My First Love

Plenty of Fish in the Sea

Sharon said she was tired of stuck-up pretty boys and wanted to concentrate less on looks and more on personality. It was my lucky day.

Back when there was more of me to love.

I didn't have a real girlfriend until seventh grade. I came close in kindergarten when Cheryl Haimowitz was my "Heel and Toe, and Away We Go" dance partner, but before I could close the deal, she moved 3,000 miles away to Van Nuys, California. Living in 1950s Brooklyn, that may as well have been the moon.

In second grade, I lusted after Susan Kaufman. Only problem was, she was the teacher. And married. Two grades later, I fell hard for Ilene Paritz. She was tall, dark and beautiful, and would occasionally smile in my direction. I was crushed when I realized the smiles were for Larry Robbins, who sat directly behind me. Larry was everything I wasn't. Actually, he had only one quality I lacked: He wasn't fat.

My mom was fat too. So fat, the kids in the neighborhood called her "Elephant Ankles." Whenever somebody said that to my face, I would have to fight him. Mark Litman and I once had a legendary battle in the P.S. 225 schoolyard that lasted from noon to dusk. When I released him from the five-hour headlock hold, I could not feel my arm. Out of mutual respect, he promised never to call my mother the E. A. name again and I promised never to call his mother "Witch Face."

Even though my mother was a "big" woman, my father seemed to really love her. I knew this firsthand because we lived in a three-room walk up apartment and the sounds of their affection for each other would often waft from their Castro Convertible sofa into my bedroom. When I think of all the reasons why I've been in therapy most of my life, my mother shouting "F" bombs in the throes of passion is in the top 10.

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She expressed her love for me through food, putting massive portions on my dinner plate each night. If I dared to not finish, she would remind me how lucky I was compared to the starving children in Africa. So out of guilt for the plight of some hungry kid in the Congo, I devoured every morsel. Soon I was buying my clothes in the "husky" section of E.J. Korvette's department store. By the way, E.J. Korvette stands for Eight Jewish Korean War Veterans. Fat kids love trivia.

Despite my chubby stature, I was a pretty good athlete, the result of hundreds of hours spent in the schoolyard playing stickball, punchball, basketball and whatever other game with a ball could be made up. It made me popular with the other boys. Girls were another story. They just couldn't seem to get past the fact that I was plump. Some were outright cruel. Joanne Feldmesser, the beautiful blonde in sixth grade, used to blow kisses my way, then crack up at the absurdity of it. Her partner-in-crime, Diane Packer, once asked me if we wore the same size of training bra. My comeback was that I didn't wear one but if I did it would probably be bigger than hers. Told her, didn't I?

So, that day in seventh grade when Sharon Grant said she liked me, I of course was suspicious. Sharon had just broken up with Lloyd Shulman, one of the most popular dudes in the school. She said she was tired of stuck-up pretty boys and wanted to concentrate less on looks and more on personality. It was my lucky day.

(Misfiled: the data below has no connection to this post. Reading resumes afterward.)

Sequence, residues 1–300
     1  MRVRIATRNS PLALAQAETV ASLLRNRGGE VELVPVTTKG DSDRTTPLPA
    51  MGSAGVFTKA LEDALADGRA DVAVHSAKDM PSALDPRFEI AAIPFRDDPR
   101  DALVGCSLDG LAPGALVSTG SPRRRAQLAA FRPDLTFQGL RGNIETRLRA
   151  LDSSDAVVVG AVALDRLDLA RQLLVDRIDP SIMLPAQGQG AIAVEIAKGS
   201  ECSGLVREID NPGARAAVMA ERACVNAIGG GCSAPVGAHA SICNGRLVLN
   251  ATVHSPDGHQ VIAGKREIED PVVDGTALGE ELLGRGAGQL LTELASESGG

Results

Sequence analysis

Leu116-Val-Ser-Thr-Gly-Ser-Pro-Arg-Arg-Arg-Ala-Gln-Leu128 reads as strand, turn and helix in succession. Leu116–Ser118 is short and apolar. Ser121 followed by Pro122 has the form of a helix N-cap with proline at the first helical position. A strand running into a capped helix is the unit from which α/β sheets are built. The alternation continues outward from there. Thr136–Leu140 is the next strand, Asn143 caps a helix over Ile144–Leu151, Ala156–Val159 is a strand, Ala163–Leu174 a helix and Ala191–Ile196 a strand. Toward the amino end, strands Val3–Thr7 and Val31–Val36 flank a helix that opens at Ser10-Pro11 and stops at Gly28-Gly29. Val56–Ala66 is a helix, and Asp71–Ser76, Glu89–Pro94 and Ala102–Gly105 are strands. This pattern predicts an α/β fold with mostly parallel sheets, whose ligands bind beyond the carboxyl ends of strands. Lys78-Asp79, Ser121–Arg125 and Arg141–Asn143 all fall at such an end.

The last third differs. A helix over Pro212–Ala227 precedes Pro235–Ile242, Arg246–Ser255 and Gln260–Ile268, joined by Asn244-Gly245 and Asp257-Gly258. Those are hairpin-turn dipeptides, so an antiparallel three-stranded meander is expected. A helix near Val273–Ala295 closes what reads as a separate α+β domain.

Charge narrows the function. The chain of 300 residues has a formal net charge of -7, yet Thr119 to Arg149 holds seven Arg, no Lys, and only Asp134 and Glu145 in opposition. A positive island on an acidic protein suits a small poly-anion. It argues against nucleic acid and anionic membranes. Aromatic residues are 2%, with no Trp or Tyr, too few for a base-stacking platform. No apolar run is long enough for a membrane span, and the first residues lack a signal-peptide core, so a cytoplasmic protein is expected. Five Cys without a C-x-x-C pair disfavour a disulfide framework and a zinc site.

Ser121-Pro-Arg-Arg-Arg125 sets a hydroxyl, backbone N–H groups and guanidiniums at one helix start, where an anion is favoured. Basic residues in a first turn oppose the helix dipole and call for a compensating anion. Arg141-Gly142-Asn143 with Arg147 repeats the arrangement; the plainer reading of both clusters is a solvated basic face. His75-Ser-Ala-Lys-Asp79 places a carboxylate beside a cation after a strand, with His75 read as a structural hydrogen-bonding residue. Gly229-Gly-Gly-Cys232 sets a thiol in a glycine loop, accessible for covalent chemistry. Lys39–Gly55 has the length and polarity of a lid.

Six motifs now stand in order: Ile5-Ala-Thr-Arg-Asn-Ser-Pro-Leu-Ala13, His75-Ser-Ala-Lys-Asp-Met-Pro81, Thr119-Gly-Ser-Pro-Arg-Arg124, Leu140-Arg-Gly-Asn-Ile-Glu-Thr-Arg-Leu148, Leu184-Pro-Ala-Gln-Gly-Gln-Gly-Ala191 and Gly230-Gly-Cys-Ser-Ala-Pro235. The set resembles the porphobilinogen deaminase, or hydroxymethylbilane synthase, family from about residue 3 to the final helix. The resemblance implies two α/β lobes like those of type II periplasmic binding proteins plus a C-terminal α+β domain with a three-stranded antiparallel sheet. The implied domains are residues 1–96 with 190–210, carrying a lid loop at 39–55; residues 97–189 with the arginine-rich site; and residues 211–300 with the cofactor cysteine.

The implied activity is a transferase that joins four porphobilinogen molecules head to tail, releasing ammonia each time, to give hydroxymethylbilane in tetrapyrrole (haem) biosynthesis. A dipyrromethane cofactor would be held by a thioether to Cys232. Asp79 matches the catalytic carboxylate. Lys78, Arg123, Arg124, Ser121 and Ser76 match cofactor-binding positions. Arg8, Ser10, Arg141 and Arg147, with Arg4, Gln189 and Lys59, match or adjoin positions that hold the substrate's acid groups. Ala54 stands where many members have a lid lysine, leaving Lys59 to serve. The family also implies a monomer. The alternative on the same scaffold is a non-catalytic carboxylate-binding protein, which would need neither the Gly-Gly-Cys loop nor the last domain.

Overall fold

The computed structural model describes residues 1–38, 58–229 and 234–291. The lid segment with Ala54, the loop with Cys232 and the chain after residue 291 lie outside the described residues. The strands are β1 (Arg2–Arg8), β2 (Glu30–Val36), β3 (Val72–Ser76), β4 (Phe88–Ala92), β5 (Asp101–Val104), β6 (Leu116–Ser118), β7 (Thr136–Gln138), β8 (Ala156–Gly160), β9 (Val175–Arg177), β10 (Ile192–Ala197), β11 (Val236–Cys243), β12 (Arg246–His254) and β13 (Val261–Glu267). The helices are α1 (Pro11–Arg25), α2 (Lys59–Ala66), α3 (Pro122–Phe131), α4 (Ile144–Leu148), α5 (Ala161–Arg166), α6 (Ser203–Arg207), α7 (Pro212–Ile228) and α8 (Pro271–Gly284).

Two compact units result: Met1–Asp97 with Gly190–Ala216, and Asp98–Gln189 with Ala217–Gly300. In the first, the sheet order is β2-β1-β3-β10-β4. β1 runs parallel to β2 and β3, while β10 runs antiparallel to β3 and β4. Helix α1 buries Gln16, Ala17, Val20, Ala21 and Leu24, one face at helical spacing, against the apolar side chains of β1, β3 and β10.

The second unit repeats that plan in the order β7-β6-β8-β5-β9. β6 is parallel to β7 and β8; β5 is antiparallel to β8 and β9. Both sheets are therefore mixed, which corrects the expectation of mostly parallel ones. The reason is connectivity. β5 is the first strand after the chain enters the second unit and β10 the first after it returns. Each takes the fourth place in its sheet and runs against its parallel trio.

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Over the next few weeks, we were inseparable. We rode the roller coaster at Coney Island, went skating at Prospect Park and made out in the balcony of the Oceana movie theater during "Frankenstein Meets Dracula." I was on cloud nine. With Sharon's 13th birthday coming up, I took my entire savings of $25 and bought her a bracelet with the engraving: "To My Girlfriend Sharon, Love Gary." Her best friend Debbie was throwing her a party and since I was Sharon's new squeeze, she was forced to invite me. It was the perfect place to give Sharon the bracelet.

The party started out real groovy. Debbie's older brother had the coolest collection of 45s, including Elvis' "Can't Help Falling in Love," which Sharon and I slow danced to. I had practiced slow dancing in my room with a pillow and it seemed to be paying off. When the song ended, I took out the wrapped gift and was about to give it to Sharon, when in walked Lloyd Shulman.

All eyes were on him as he searched the room. I was standing next to Sharon with a potato chip loaded with dip when he came over to her and offered up a heartfelt apology. The look on Sharon's face told me I was in trouble. When it came time to play Seven Minutes in Heaven, Lloyd picked Sharon. She asked me if it was OK, promising they would just talk. I didn't know what to say. Sharon repeated "Just to talk" one more time as she went into the bedroom with Lloyd. At about the five-minute mark, I left.

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When I got home, my father was sitting at the kitchen table. He asked if something was wrong so I poured my heart out to him. Then this man, who had escaped from czarist Russia as a young boy, put his arm around me and uttered these profound words, "Son, there are plenty of fish in the sea." With that, he went into the living room to watch "The Friday Night Fights." I sat down at the kitchen table, took out the box with the bracelet and cried.

Fortunately, this tale has a happy ending. It's called puberty. It hit me during eighth grade, and it hit me hard. My voice deepened, the weight started pouring off and I began growing vertically as opposed to horizontally. Each day, a little of my former self disappeared. The transformation was nothing short of miraculous. By the time I entered high school, I was a tall, lean freshman machine. And the fish—I mean girls—were all around me.